By Clara Chooi
IPOH, Nov 6 – The collapsed suspension bridge in Kuala Dipang that caused the deaths of three schoolchildren recently had been an illegal structure, Pakatan Rakyat’s ad hoc task force revealed today.
Task force member Teja assemblyman Chang Lih Kang told a press conference this afternoon that no application had ever been sent to the Kampar district council to seek approval before the bridge was built.
The bridge, he added, was worth about RM40,000 and had been constructed by a private company based in Kuala Lumpur as a contribution to the district education office.
“We have interviewed several people, including the Kampar district officer and the chief assistant district officer, but they revealed that the council was never informed of such a structure,” he said.
Chang said that before such a bridge could be built, an application would first have to be made with the council since the land was within the council’s jurisdiction.
“They will have to submit a ‘Borang A’ to the council and then, the council’s one-stop centre will send out the application to four different government agencies for further approval – the Health Department, Drainage and Irrigation Department (DID), Fire and Rescue Department (Bomba) and the Department of Environment,” he said.
Only if the structure satisfied all requirements, and all four departments gave the green light, would the council issue an approval.
“Once the structure is completed, a consultant engineer must issue a Certificate of Compliance and Completion,” he said.
In the case of the Kuala Dipang bridge, said Chang, none of the requirements had been met.
“In fact, we are not even sure if the company had employed any consultant engineer at all in the first place.
“Furthermore, according to DID guidelines, a construction like the bridge needs to have special measurements taken for the prevention of soil erosion.
“From our observation after we visited the site on Tuesday, no such measurements were taken. There were no retaining walls to hold up the structure and its base was built too close to the river,” said Chang.
Meanwhile, the task force’s chairman, Tronoh assemblyman V. Sivakumar said that, based on interviews with some of the children who witnessed the tragedy on Oct 27, there had been no teacher-supervisors watching over the children at the time of the incident.
“From what we were told, not more than five teachers were tasked to look out for the children during the time of the incident. The remaining group of teachers were apparently having a briefing session in the school building,” he said.
Apparently, during the time the group of schoolchildren were crossing the bridge, not a single teacher was keeping watch over them, he added.
“Before that, the students were told that they were only allowed to cross the bridge six at a time and before the incident, the teachers were careful to make sure of that.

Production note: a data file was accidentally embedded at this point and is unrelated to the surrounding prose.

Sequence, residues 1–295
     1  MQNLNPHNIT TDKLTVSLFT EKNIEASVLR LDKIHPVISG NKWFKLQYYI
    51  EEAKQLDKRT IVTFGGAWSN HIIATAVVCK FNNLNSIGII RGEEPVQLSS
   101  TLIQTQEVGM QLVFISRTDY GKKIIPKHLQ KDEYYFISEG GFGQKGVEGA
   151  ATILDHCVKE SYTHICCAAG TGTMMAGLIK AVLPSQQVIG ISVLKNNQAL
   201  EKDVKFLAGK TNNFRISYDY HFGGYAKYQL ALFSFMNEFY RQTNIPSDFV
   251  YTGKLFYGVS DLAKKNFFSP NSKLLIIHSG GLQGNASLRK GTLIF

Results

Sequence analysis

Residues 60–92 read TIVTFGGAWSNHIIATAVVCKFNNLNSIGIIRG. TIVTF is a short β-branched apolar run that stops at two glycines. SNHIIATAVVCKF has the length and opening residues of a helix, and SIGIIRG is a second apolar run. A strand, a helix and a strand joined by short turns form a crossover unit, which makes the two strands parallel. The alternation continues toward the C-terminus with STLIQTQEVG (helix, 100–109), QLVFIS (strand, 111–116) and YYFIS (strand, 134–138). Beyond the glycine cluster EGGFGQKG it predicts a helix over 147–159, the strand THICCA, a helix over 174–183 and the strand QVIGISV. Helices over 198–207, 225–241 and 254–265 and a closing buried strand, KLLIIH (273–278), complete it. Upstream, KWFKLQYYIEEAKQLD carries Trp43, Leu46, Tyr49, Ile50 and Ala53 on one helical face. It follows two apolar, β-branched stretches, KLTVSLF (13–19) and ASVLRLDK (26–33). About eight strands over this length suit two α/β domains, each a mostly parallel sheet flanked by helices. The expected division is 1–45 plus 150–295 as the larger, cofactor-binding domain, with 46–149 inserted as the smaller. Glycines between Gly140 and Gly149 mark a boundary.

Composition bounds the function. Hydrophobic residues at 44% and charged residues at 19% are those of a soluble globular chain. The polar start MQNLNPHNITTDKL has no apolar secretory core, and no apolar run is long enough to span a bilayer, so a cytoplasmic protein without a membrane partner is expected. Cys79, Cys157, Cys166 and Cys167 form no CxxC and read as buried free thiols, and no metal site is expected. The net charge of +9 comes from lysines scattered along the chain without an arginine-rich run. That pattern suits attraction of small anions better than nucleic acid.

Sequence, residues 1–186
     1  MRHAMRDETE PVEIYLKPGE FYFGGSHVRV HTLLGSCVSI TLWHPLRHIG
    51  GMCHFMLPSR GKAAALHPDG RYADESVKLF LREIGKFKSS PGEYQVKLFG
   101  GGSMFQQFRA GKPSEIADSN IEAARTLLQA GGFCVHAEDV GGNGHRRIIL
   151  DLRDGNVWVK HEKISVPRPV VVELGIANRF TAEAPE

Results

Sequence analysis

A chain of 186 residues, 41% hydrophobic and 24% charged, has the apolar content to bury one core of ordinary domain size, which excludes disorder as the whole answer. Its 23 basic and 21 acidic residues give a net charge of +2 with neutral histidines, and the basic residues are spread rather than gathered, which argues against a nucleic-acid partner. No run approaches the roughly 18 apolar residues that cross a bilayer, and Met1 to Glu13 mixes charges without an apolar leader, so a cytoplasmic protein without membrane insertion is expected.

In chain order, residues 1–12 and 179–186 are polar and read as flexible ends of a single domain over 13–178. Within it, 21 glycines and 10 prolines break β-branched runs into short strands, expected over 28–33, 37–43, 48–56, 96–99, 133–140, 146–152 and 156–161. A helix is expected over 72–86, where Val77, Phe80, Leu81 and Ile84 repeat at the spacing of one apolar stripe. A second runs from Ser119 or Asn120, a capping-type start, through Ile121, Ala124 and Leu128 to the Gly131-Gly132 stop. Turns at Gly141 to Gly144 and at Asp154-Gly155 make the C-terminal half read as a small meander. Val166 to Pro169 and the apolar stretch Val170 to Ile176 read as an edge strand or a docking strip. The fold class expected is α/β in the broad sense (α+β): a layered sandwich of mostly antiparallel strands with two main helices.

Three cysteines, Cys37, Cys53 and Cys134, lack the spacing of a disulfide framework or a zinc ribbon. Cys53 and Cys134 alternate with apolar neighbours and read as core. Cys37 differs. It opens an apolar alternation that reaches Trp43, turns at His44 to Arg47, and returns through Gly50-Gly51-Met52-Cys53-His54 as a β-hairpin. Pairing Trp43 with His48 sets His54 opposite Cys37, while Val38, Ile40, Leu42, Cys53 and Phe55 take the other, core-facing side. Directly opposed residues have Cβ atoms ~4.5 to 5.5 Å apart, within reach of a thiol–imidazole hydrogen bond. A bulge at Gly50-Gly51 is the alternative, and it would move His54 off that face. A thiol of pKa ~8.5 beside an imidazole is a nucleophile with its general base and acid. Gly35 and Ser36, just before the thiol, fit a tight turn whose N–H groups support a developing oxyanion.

“But later that night, no one supervised. That was why there were actually 22 students crossing the bridge at the same time,” said Sivakumar.
He added that as children, the group would naturally get playful and begin playing around with the handrails and jumping on the frail structure.
“That was when the bridge collapsed. And from what we were told, only three teachers had helped to rescue the children – two men and one woman. The others were busy in the meeting,” he said.
The incident, which occurred about 10.30pm that night, caused the deaths of N. Dina Deve and M. Devatharshini, both 11, and 12-year-old V. Divyashree.
The three had been participants in the Education Ministry’s 1 Malaysia unity camp which involved a total of 298 students from 60 schools in the Kinta Selatan district.
Furthermore, Sivakumar said that despite the large number of participants, only 30 teachers were employed to look after the children.
“Meaning, one teacher has to look after 10 children. To make matters worse, during that night, most of them chose to go for a briefing.
“Why do they need to have a briefing at the time when they should be taking care of the children?” he said.
Sivakumar added that the parents of the three deceased had also not been aware of where the camp would be taking their children and that there would be physical activities involved.
“As for the two 11-year-olds, they were not even supposed to be a part of the camp because it was actually meant for Standard 6 students.
“They were only told that there were not enough students on the very day itself,” he said.
He added that before their children were allowed to go for the camp, the parents of the students were made to sign disclaimer forms which absolved the authorities of all responsibility should any incident happen.
“But how can this be fair when the location of the camp itself was not safe and the parents are not even made aware of this?” said Sivakumar.
The PR ad hoc task force will set out to interview the district education department and the DID next as well as get a consultant engineer to study the structural defects of the bridge at the site.
They are also pushing for a public inquiry to be held on the incident.
The Education Ministry is also probing the incident and their investigations are estimated to be completed by the end of next week.